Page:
John Paxson Stresses Need For Patience In Bulls' Rebuild, Adds Fred Hoiberg's 'Feet Firmly Planted'
(670 The Score) Executive vice president of basketball operations John Paxson believes the Bulls have already accomplished a quality early steps in the heavy lifting of their rebuild. Now, the attention turns to a focus on player development.
"Our future's really, really bright," Paxson said in an interview on the Bernstein and Goff Show on 670 The Score on Wednesday afternoon. "We've got the three kids -- Kris Dunn, Zach (LaVine), Lauri Markkanen -- who are starters in this league. We believe over the next few years, they'll become high-level starters, hopefully, maybe an All-Star player or two in that group. I think this year we've learned that Denzel Valentine, Bobby Portis are good rotational players that can help a team become successful. We will have draft picks going out. We will have cap room to spend. We will spend it the right way. We're not going to go out and start throwing money out 32-, 34-year-old players. We're going to be smart and conscientious about that. I like our future. I think it's bright, and we're going to be patient with this process."
Paxson is quick to point out plenty of hard work remains. He stresses patience, and as he does, he acknowledged the next crucial step.
"The toughest part is when you're trying to build a team -- and basketball is still a team game but you need great individual talent -- bringing it all together, the components of it," Paxson said. "If you do have a great player or two or three, finding the players that complement them. It's what the Bulls did in Jerry Krause's era so well, playing off Michael and Scottie primarily but finding those other pieces. It really is team-building. I think sometimes you can get caught up in just accumulating a bunch of talent, but if it doesn't fit ... they don't mesh. That's the tough part of it but also the great part about it. You're always looking for players that fit what you want to be. I think, again, that's where we're heading in the right direction."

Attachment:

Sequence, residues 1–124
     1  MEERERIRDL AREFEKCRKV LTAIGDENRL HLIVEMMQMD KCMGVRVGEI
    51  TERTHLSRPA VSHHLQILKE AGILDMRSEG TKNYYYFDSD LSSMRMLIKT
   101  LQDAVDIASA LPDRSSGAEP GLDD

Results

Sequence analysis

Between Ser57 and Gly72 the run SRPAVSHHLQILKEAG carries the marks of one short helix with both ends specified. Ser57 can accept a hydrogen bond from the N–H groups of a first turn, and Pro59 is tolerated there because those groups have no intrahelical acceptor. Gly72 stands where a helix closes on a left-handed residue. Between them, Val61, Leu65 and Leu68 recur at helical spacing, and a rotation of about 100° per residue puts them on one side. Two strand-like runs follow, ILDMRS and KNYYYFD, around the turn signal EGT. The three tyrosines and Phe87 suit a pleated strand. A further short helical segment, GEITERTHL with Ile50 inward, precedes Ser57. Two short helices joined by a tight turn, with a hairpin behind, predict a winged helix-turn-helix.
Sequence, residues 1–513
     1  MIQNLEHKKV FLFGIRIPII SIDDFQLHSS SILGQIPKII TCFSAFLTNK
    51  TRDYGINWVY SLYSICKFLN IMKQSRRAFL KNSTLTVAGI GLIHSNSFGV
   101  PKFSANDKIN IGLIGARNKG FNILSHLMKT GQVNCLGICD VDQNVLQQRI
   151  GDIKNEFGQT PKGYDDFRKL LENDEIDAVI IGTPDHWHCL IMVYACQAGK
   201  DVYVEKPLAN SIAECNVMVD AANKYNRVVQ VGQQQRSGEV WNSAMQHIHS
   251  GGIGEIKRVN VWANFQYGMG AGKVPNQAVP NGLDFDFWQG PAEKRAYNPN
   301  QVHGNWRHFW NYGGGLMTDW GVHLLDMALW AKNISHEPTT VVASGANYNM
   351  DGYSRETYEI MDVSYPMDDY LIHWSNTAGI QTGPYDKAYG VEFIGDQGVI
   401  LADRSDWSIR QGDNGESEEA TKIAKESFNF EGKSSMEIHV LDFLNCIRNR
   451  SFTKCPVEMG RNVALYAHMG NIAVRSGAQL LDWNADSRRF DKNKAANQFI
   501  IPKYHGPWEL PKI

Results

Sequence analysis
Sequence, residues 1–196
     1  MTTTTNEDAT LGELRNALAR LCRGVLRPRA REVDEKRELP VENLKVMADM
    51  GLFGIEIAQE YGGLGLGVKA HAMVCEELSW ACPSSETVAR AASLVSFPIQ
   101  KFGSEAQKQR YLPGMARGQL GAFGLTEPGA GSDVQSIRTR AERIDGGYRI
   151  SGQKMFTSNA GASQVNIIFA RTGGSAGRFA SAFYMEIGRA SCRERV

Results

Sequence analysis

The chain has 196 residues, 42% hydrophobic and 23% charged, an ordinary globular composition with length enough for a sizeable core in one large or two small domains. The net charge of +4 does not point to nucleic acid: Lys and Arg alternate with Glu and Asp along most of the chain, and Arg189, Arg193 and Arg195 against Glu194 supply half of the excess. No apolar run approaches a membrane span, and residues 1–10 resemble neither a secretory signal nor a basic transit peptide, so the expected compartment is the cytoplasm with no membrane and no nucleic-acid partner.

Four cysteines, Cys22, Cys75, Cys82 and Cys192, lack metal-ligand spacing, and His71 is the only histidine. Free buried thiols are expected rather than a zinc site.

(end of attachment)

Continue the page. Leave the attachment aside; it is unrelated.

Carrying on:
Paxson believes that despite a 20-37 record, these Bulls have made progress on finding complementary pieces. And that includes not just thinking in terms of who fits around the go-to players on the floor but also third-year coach Fred Hoiberg. Paxson admitted it wasn't fair in Hoiberg's first two seasons that the Bulls built a roster that was ill-suited for him, particularly last season with Dwyane Wade and Rajon Rondo.
Asked about Hoiberg's progress as a coach now, Paxson responded he's "done a really good job this year."
"Fred, more than an any time in his three years here, right now he's kind of got his feet firmly planted," Paxson said. "The young guys are listening to him. They're playing hard for him, and I think that says a lot. When you have a young group of guys that are competing and playing hard most nights, that's a reflection on the attention going into each practice every day."
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